Can weight lifting stunt your growth?

All throughout my pre-teen and teenage years, I was under the impression that lifting weights before a person is finished growing would stunt a persons growth. I have always heard this rumor and stayed away from weight lifting until high school, but have always wondered about the kids that did lift. It seemed as if a lot of my friends who lifted at younger ages did not get to be very tall, but their parents were not very tall either. I have also had friends who lifted starting in middle school and are now over six and half feet tall.

According to Dr. Avery Faigenbaum of the University of Massachusetts, weight lifting does not stunt growth in adolescents. In fact, a healthy diet while working out during adolescents actually helps a person reach maximum height. Betsy Keller of Ithica College has also found that this myth came about from a flawed study which only came from sports in which smaller athletes are more successful, such as gymnastics and competitive dancing. However, damaging growth plates can stunt a persons growth. Weight lifting runs a huge risk of damaging these growth plates which is how this theory came about.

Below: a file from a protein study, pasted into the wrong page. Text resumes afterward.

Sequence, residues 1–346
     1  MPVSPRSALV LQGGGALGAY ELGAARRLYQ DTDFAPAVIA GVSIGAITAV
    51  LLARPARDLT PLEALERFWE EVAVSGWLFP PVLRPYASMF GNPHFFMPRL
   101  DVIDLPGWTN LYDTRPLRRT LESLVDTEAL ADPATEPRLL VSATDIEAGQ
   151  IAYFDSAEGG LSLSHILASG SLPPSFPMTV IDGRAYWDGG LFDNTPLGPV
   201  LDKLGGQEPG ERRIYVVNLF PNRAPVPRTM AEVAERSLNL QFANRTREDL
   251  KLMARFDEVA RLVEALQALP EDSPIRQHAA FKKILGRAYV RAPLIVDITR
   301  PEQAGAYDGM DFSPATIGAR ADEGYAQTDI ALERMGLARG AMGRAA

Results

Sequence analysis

In conclusion, weight lifting has proved not to stunt a adolescents growth but enhance it. This is something I wish that I knew before today so that I could have continued to progress towards the NBA. Unfortunately, this dream was crushed when I stopped growing before ever reaching six feet. A person should still be careful with weight lifting because it could damage their growth plates.


1 thought on “Can weight lifting stunt your growth?

  1. Blake Matthew Birns

    I think this is another myth just like the “coffee stunts your growth” one. I started drinking coffee at a very early age and I’m currently 6’1 so I don’t think that it made much of a difference. I also started working out when I was only 13 and that didn’t seem to have any effect either. Do I think young kids should do any serious, hardcore lifting? No. But I think it’s fine to start working out lightly at an early age.

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